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Radeon Gallium3D Still Long Shot From Catalyst

Michael Larabel

Published on 23 March 2012
Written by Michael Larabel
Page 1 of 4 - 56 Comments

Following recent advancements in the open-source Radeon Linux driver like 2D color tiling support, I've carried out some new benchmarks of the open-source Radeon Gallium3D driver compared to AMD's official Catalyst driver. This time around, the open-source driver is seeing tests against AMD's binary blob when various performance-optimizing tweaks are enabled to see where the performance stands today.

From three recent Radeon graphics cards (the Radeon HD 5830, Radeon HD 6570, and Radeon HD 6950), tests were carried out in a stock Ubuntu 12.04 configuration, the latest open-source configuration with performance-boosting tweaks, and then the latest Catalyst driver. By default for modern pre-SI Radeon GPUs, the open-source driver is used by default. The Ubuntu 12.04 configuration includes the Linux 3.2 kernel, an xf86-video-ati Git snapshot, and Mesa 8.0.1. The Radeon HD 6950 graphics card was unstable during the OpenGL tests with this stock Precise Pangolin configuration so results for that Cayman graphics card are only available for the updated/tweaked and Catalyst driver configurations.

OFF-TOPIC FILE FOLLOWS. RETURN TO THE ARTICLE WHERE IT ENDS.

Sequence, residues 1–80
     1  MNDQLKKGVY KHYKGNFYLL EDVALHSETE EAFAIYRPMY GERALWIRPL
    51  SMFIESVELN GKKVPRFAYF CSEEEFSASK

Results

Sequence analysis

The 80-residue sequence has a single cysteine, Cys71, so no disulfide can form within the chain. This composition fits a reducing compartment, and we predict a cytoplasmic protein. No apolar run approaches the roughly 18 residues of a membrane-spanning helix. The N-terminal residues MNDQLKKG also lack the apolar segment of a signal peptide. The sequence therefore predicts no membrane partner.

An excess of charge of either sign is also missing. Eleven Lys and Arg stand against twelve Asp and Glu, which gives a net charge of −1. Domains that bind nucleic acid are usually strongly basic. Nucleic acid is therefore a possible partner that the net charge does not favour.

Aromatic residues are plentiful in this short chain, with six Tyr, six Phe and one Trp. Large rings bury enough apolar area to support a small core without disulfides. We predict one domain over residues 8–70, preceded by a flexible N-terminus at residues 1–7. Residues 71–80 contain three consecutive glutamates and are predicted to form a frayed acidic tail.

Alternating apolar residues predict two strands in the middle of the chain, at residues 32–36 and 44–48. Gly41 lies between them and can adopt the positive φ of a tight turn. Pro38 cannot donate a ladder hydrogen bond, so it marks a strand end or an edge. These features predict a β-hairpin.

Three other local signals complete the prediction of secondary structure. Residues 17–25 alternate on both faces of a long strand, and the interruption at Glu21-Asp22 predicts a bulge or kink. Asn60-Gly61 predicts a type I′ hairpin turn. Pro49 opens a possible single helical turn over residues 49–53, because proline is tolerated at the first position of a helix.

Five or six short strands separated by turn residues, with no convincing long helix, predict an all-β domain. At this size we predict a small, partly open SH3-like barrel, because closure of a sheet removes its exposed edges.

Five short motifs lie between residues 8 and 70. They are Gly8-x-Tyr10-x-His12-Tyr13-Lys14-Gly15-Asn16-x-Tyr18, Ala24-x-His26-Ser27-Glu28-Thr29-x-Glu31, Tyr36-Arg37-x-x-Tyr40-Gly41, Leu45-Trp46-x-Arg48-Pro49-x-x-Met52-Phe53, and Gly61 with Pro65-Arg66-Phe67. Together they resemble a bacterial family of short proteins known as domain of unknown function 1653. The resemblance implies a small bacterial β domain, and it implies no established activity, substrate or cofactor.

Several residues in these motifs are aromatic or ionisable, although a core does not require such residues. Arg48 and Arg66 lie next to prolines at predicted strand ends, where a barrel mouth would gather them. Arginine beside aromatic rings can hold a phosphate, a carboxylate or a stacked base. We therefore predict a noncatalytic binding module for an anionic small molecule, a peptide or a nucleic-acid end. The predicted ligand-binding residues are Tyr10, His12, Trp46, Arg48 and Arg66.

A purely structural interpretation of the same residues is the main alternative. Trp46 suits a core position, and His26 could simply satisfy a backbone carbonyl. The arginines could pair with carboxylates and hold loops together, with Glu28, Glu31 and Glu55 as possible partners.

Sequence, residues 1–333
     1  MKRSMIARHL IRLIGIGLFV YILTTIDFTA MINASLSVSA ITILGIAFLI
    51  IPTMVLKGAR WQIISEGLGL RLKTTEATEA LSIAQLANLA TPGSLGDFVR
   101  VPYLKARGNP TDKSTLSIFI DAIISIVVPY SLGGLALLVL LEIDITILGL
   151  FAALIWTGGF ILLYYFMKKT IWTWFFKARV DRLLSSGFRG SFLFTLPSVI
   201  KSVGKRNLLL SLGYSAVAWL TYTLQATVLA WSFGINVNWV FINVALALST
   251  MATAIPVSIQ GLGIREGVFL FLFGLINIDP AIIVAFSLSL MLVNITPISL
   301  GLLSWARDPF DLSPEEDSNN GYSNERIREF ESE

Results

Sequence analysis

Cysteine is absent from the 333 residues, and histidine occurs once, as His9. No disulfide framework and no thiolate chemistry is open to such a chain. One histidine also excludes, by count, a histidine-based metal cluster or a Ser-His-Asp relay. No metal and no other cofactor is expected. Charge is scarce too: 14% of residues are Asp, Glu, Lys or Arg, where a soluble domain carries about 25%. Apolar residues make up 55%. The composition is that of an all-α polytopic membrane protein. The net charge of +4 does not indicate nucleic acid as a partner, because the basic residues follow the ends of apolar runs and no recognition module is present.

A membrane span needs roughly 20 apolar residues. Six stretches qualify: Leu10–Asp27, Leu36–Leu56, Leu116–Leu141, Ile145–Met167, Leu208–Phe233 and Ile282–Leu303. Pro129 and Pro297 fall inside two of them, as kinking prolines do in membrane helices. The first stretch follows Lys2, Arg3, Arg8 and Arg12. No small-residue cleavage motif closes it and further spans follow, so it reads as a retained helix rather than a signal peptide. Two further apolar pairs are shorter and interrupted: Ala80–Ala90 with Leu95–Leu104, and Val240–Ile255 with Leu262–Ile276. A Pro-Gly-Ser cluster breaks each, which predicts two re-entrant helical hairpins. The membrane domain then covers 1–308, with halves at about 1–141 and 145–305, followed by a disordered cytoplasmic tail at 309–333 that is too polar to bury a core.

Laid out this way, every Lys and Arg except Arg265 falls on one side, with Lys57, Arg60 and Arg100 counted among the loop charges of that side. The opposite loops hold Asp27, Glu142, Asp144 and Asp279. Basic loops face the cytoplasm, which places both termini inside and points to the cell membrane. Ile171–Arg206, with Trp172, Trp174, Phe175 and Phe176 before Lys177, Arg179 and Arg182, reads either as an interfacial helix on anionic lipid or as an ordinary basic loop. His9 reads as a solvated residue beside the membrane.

When running the "updated + tweaked" configuration, the graphics cards were tested with a snapshot of drm-next (what will be the Linux 3.4 kernel graphics drivers), Mesa 8.1-devel from Git master, libdrm Git, and xf86-video-ati Git DDX. Besides pulling in the latest of all the core components, ColorTiling and ColorTiling2D were enabled to take advantage of the R600+ 2D color tiling support. Swap buffers wait was also disabled as usual. PCI Express 2.0 support was also enabled, since by default the open-source Radeon drivers remain running at PCI-E 1.0 speeds.

Lastly, the Catalyst driver was tested in its stock configuration using the binary driver with an fglrx version of 8.95.3 and an OpenGL version string of 4.2.11566. All three Radeon HD 5000/6000 series graphics cards were tested from an Intel Core i7 3960X setup running at 4.5GHz with Ubuntu 12.04 x86_64 as its base operating system.

All testing was facilitated by the Phoronix Test Suite and OpenBenchmarking.org in a fully automated manner.

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